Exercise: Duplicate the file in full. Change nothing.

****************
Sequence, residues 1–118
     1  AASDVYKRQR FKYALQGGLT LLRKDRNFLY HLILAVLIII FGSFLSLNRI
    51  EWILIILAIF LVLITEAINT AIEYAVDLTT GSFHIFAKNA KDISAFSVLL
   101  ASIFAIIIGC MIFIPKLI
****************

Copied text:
Sequence, residues 1–118
     1  AASDVYKRQR FKYALQGGLT LLRKDRNFLY HLILAVLIII FGSFLSLNRI
    51  EWILIILAIF LVLITEAINT AIEYAVDLTT GSFHIFAKNA KDISAFSVLL
   101  ASIFAIIIGC MIFIPKLI